The lawsuit takes aim at companies that pay Amazon customers to write and post reviews.
New Google ad formats are driving some of the new spending.
More shoppers are arriving at North America’s largest e-commerce sites from search engines, as paid search spending increases for Internet Retailer Top 500 merchants, an analysis of Top500Guide.com data reveals.
The total monthly paid search spending for Top 500 retailers in 2012 stood at $93.1 million, up 24.5% from $74.8 million in the previous year, according to data available at Top500Guide.com. The median monthly paid search spend was $80,000 in 2012, up 48.1% from 2011.
The total paid search spending for the top 10 retailers increased 8.3% in 2012 to $13.1 million from $12.1 million, according to Top500Guide.com.
This growth in search advertising continues this year for companies of all kinds. In the United States, search spending in the first half of 2013 grew 7% to $8.7 billion, according to the Interactive Advertising Bureau. That amounts to about 43% of online ad spending in the first half of the year, giving search the largest single share of that spend.
That spending growth is taking place as retailers adjust to the latest changes in search—most of them all but mandated by Google Inc. through product or search formula changes. Among the major trends is the ongoing shift of retailer marketing dollars to Product Listing Ads, the image-heavy, product-centric search ads introduced by Google last year that appear high in the section of Google search results pages previously reserved for natural search results.
“The paid search competitive landscape is heating up. Newer ad formats like PLAs are getting full adoption from merchants of all sizes,” says Aaron Goldman, chief marketing officer at digital marketing technology company Kenshoo Ltd.
“And Enhanced Campaigns are making it the default for search marketers to buy ads across all device types,” he says. Enhanced Campaigns refers to a relatively new Google ad format that enables marketers to manage all their Google paid search campaigns for any device from one central location. “This means two things—more available inventory and higher costs. As a result, retailers have to spend more to capture real estate on search engine results pages and drive customers to their websites.”
Web-only mass merchant Overstock.com Inc., No. 31 in the Top 500, is among the retailers spending more on search this year. In the third quarter, its spending on marketing and sales increased 51% year over year to $22.5 million. At least some the growth is attributable to more spending on natural search in response to Google Inc.’s ongoing search algorithm changes, according to the retailer’s third quarter financial report.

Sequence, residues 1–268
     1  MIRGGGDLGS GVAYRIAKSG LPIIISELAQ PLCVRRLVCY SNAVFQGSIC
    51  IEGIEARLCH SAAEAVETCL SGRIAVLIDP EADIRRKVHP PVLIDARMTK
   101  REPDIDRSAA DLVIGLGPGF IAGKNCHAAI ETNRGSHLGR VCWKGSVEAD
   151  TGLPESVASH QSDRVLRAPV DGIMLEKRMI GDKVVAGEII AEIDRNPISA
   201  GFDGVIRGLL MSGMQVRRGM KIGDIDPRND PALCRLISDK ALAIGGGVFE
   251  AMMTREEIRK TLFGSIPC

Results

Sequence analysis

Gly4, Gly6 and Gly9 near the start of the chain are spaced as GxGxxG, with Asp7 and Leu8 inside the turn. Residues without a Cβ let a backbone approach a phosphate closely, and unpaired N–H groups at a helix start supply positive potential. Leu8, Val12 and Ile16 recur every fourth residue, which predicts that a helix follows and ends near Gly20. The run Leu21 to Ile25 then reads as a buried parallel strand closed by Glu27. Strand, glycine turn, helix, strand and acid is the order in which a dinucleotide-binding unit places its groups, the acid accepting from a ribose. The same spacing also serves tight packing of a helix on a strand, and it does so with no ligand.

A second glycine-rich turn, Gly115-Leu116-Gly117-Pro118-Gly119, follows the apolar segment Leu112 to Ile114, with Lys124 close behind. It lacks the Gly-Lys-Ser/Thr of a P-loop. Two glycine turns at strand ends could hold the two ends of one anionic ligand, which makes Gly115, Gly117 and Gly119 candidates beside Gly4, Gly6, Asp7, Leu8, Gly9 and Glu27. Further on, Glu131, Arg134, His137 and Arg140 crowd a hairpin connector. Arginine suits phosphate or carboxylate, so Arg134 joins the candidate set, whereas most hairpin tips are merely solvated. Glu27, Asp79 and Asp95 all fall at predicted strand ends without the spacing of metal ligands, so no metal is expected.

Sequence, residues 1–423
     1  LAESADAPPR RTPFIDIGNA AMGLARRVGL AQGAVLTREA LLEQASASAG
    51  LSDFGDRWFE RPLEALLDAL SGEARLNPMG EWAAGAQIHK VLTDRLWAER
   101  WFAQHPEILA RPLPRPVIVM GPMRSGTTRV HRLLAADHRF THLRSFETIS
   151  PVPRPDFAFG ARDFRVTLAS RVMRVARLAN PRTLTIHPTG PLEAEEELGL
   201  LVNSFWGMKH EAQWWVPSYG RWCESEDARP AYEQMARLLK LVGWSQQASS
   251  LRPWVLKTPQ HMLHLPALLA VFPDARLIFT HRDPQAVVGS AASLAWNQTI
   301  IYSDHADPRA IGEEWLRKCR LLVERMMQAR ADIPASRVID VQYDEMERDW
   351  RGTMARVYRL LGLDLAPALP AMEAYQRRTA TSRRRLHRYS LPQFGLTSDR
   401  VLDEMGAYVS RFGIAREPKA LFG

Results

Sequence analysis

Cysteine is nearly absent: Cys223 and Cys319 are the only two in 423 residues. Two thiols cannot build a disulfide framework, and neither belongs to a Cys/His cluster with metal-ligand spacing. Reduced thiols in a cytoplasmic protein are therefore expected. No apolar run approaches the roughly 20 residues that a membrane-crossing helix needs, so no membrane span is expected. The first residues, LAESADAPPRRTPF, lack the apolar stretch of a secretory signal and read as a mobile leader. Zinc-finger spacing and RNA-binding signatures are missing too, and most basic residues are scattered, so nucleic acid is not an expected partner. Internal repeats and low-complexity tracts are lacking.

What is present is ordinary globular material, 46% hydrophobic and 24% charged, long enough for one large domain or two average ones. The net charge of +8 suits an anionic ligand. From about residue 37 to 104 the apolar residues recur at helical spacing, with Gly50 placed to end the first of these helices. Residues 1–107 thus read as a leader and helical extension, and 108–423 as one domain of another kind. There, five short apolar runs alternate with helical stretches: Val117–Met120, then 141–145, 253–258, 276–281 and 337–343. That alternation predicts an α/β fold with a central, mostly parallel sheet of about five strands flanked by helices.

The retailer spent an average of $643,000 per month on search advertising last year, up 47.5% from $436,000 in 2011, according to Top500Guide.com. Overstock in 2012 gained 38% of its e-commerce traffic from search engines, up from 30% in the previous year
Overstock isn’t the only online merchant that is getting more of its traffic from search engines. For the Top 500 e-retailers on average, shoppers originating from search engines accounted for 37% of web site traffic in 2012. That compares with 30% in 2011.
For the top 10 largest merchants in terms of online sales—a group that includes Amazon.com Inc., Staples Inc., Apple Inc. and Wal-Mart Stores Inc.—the traffic trend is similar, with 37% coming from search engines in 2012 and 30% in 2011, Top500Guide.com data show.
Among that group of e-retail heavy hitters, two retail chains in particular—Wal-Mart and Sears Holdings Corp.—relied heavily on attracting shoppers through search, with each recording an increase of nine percentage points over the prior year. Sears drew 41% of its visitors from search engines in 2012, up from 32% in 2011; search engines accounted for 39% of traffic to Walmart.com in 2012, up from 30% in 2011.
By comparison, web-only merchant Netflix Inc. increased its search traffic to 36% from 27%—another increase of nine percentage points—while Amazon.com—the top retailer in the rankings—went to 37% from 33%. That growth occurred despite Amazon reducing its monthly paid search spend 5.8% in 2012 to $3.91 million from $4.15 million in 2011. That suggests Amazon drew additional traffic from high rankings in natural search results, rather than from heavy spending on search results page ads.
Amazon did not respond to a request for comment on its paid search strategy.
Online marketing firm ROI Revolution Inc. supplies paid search spending figures to Internet Retailer. Data on the percentage of retailers’ traffic from search engines comes from Experian Marketing Services.